16. The definition clause in the Act is far from satisfactory. The definition of word 'industry' in Section 2(19) and the word 'undertaking' in Section 2(33) does not make happy reading but this unhappy phraseology need not vex us. If from the evidence available, we can say, that the Board carries on trade or business, it would straightaway become an industry winder the Act. We have already seen that one of the functions of the Board is 'to support, encourage, assist and carry on Khadi and Village Industries and in the matters incidental to such trade or business.' What the Board does is to supply raw wool to Cooperative Societies, so that the Societies can engage themselves in useful work. The Societies after weaving raw wool, convert them into spun blankets and supply them to the Board. The blankets so spun are not the properties of the Societies. They have to be given back to the Board. The blankets so supplied from various centers to the Board, have necessarily to be sold in the open market. This act of sale would clearly come within the definition of the word trade or business as contemplated in Section 2(19) of the Act. This finding of ours is supported by the evidence in the case also. The appellant in his evidence stated that at the center where he was posted, weaving of woolen blankets was done by the Societies and other centers constituted at various places and the woven blankets were supplied back to the Board. Three witnesses were examined on behalf of the Board. Sh. Choudhary, the first witness and Sh. Patil the next witness, admitted that, the spinning and weaving work of cotton and woollen cloth was got done by the Board through various Societies. These two said witnesses admitted that the looms belonged to the Board and the Board supplied wool and other materials and implements and sold manufactured goods after obtaining them from the Societies. They also made an important admission that the Society could not sell the goods prepared out of the wool supplied by the Board to anybody else. The third witness also supported this case though differed from the second witness and stated that the Board extended marketing facilities to the Societies.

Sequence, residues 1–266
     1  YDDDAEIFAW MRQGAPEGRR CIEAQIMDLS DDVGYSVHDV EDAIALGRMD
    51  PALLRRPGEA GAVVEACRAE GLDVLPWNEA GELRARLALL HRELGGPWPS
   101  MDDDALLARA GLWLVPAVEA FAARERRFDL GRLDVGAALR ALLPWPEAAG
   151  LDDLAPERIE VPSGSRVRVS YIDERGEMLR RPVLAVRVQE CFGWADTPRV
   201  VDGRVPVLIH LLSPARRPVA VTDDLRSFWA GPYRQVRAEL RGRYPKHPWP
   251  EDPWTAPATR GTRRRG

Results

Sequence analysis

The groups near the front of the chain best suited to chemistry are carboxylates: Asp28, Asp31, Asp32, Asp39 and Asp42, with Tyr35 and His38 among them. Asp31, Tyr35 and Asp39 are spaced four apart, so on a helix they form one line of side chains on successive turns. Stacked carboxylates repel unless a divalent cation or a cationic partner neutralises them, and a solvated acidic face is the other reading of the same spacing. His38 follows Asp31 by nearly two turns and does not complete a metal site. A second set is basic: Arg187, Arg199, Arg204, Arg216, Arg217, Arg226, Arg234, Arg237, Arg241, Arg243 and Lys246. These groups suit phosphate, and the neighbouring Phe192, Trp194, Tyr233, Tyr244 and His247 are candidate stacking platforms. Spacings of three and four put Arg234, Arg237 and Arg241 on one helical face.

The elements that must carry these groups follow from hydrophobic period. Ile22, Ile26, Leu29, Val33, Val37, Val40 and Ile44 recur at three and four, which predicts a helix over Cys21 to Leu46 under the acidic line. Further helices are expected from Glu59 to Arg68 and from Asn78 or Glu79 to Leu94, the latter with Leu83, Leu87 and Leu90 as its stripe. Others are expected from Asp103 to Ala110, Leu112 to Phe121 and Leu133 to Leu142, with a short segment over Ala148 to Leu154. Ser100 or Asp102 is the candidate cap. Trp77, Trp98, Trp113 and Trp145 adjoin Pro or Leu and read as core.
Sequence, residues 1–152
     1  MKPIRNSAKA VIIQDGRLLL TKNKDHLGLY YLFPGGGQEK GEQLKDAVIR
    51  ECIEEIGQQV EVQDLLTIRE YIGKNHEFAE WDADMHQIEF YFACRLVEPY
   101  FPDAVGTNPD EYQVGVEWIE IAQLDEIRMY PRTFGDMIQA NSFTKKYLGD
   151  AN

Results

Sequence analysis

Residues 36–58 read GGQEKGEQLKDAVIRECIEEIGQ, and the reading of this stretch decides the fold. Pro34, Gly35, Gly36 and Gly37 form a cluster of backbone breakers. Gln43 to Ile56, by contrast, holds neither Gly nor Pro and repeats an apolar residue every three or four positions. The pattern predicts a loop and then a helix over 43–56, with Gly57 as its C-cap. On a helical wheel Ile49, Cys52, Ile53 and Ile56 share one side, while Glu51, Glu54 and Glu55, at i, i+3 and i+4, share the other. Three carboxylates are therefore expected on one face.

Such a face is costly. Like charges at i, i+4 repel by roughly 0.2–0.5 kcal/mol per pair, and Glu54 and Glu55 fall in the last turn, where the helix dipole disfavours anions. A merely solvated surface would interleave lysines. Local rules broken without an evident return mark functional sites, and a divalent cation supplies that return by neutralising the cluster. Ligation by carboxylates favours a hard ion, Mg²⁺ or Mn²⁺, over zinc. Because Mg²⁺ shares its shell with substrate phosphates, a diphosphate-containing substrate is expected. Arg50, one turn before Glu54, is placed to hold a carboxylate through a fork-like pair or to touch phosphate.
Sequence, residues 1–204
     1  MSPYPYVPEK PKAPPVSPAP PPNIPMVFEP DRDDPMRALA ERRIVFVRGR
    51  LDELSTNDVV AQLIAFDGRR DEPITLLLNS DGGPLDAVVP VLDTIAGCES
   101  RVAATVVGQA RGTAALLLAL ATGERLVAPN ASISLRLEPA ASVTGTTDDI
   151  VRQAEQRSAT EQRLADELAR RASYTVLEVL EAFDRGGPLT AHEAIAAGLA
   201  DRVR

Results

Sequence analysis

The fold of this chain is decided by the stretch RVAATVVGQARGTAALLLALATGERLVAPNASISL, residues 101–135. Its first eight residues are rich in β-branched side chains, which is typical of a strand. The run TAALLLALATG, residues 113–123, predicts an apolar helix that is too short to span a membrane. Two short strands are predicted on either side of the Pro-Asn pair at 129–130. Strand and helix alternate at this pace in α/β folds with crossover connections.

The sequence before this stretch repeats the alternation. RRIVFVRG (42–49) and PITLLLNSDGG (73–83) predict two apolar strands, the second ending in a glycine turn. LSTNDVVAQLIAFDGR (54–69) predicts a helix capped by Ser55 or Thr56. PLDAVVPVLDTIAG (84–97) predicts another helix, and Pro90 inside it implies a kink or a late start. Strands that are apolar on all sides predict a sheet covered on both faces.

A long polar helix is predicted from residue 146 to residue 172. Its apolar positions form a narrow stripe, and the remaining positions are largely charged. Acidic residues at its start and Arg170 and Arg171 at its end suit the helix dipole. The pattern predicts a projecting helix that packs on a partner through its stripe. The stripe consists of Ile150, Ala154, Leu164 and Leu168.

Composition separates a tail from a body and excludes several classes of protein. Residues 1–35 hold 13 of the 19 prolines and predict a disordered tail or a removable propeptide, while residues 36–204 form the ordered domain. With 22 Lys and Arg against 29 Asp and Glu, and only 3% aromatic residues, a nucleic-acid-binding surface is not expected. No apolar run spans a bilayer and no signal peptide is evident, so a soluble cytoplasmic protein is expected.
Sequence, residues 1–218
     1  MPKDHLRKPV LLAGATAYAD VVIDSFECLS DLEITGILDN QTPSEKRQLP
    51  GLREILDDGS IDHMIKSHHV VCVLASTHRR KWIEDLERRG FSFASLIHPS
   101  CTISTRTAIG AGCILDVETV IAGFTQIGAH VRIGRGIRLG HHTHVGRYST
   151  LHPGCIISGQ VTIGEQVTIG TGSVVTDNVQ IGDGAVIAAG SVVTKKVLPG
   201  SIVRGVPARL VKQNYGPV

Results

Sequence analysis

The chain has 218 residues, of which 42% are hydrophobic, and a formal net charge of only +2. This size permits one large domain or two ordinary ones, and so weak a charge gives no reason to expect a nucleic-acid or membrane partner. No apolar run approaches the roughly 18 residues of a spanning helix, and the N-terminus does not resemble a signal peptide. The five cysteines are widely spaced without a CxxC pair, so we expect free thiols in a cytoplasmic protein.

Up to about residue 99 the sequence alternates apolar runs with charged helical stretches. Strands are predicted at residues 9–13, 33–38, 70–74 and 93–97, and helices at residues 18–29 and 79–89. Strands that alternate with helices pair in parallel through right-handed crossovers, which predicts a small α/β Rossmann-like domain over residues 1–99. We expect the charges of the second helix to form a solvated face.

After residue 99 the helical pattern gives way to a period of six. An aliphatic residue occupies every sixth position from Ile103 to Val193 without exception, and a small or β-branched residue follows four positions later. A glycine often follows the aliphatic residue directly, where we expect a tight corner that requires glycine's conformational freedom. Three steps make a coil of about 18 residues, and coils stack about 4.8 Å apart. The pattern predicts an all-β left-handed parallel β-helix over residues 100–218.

17. We thought it necessary to refer to the evidence in the case to disabuse an impression attempted to be created that the Board did not sell the blankets it got from the various societies spun out of the wool supplied to them. There is a clear admission by one witness that the Societies cannot sell the blankets prepared out of the wool supplied by the Board to any one else. No argument is necessary to hold that the blankets received by the Board from various centers have only to be sold and not used by the Board for its own purpose. On this evidence the conclusion is irresistible that the Board engages itself in the business of selling blankets. It has therefore to be held that the Board is an industry within the meaning of the Act.
18. The appellant is entitled to succeed on both the grounds. We set aside the order passed by the High Court and restore the orders passed by the Labour Court and the Industrial Court. The appellant will get his cost from the first respondent quantified at Rs. 2,500.